Black spots start appearing on the leaves

You might notice yellow hints on the tips, edges, or directly on the leaves that turn into black spots eventually. You will see black dots with a yellow outline on the leaves. 

That happens due to fungus or bacteria. The bacteria travel to the leaves from the roots, and the leaves show the sign through these spots. 

To get rid of this problem, you need to cut off all the infected leaves, and if any stem has a lot of infected leaves, you can clip off the stem.

It would be best if you considered repotting the plant as the new soil will not have bacteria and fungus, and the ZZ plant will be able to get rid of the infections faster.

Black spots can quickly take over your ZZ plant, and if you don’t act quick enough, your plant may end up dying.

Mushy stems with black spots

Dividing zz plant

Sometimes you can notice that the stem of the ZZ plant has black spots on it. Though it might seem like a problem, most probably it is not. 

It is completely natural for ZZ plants to have these spots on the stem. You just need to check that the spots are not mushy.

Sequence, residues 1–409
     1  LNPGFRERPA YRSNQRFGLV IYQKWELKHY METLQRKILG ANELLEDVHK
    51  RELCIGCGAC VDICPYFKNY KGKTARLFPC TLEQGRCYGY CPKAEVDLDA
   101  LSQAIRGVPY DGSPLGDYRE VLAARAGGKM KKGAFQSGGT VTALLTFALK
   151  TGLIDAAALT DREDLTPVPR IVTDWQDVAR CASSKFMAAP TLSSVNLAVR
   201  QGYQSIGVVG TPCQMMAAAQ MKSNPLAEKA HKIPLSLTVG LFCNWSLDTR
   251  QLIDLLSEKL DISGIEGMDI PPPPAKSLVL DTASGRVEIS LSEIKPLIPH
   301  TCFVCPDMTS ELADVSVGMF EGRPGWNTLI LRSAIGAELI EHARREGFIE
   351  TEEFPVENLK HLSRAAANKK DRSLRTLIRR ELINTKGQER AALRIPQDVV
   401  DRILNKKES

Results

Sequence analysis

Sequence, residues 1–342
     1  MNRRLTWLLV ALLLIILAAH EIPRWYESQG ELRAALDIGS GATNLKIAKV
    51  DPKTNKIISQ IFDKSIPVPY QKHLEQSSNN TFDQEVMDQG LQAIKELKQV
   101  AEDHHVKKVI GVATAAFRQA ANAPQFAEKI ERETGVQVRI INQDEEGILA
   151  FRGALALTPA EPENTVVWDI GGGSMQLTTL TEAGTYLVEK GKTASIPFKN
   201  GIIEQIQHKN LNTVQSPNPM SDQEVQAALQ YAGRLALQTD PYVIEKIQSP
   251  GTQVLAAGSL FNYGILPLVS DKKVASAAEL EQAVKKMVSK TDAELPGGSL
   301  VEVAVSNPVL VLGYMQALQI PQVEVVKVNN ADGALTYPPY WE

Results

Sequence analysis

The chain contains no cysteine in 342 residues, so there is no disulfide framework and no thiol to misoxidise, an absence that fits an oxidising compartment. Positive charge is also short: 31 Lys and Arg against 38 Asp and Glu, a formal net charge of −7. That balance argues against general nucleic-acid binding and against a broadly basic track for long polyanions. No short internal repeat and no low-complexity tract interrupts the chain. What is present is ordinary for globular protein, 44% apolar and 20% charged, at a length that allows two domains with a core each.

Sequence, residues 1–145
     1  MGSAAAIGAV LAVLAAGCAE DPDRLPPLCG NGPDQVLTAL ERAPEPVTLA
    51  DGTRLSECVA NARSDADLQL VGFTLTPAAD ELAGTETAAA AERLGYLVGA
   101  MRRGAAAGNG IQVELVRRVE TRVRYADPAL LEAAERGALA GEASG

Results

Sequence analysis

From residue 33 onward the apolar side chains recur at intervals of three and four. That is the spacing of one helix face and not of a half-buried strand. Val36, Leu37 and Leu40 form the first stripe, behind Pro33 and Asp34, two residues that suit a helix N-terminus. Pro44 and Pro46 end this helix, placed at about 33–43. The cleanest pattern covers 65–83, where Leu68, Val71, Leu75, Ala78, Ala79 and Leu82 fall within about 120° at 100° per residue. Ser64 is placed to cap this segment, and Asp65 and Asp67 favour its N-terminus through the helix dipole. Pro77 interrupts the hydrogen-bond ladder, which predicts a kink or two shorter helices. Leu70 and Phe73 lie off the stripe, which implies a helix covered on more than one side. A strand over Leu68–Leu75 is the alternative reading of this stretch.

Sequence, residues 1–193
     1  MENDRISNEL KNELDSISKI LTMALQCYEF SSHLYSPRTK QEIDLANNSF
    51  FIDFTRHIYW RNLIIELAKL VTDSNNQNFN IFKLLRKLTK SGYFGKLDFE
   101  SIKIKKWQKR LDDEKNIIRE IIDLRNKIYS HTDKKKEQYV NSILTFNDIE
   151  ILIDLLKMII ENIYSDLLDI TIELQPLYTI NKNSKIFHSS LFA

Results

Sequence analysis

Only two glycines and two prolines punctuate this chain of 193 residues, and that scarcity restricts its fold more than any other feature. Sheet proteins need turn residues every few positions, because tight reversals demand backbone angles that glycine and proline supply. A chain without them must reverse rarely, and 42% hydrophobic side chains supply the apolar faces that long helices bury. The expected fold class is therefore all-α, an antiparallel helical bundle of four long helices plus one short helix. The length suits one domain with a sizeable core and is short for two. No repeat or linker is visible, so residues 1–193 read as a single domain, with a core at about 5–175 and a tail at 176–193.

However, if the spots start feeling mushy when you touch them, and start to bulge out, then it might be due to fungus or bacteria, and you would need to cut that stem and repot the plant to get rid of all the infections.

Mushy stems can kill the ZZ plant if you don’t act quick enough.

Stems start shriveling

ZZ plant Zamioculcas zamiifolia yellow leaves

Shriveling of stems is a common problem in ZZ plants. And this happens when the plant doesn’t get enough water.

In these cases, you will notice that the thick parts of the stem near the soil will start to shrivel and start getting cavities all around the stem. It will start getting drained of water and will become dry.

It can also happen if the plant is placed in a hot area with direct sunlight and the water evaporates from the leaves.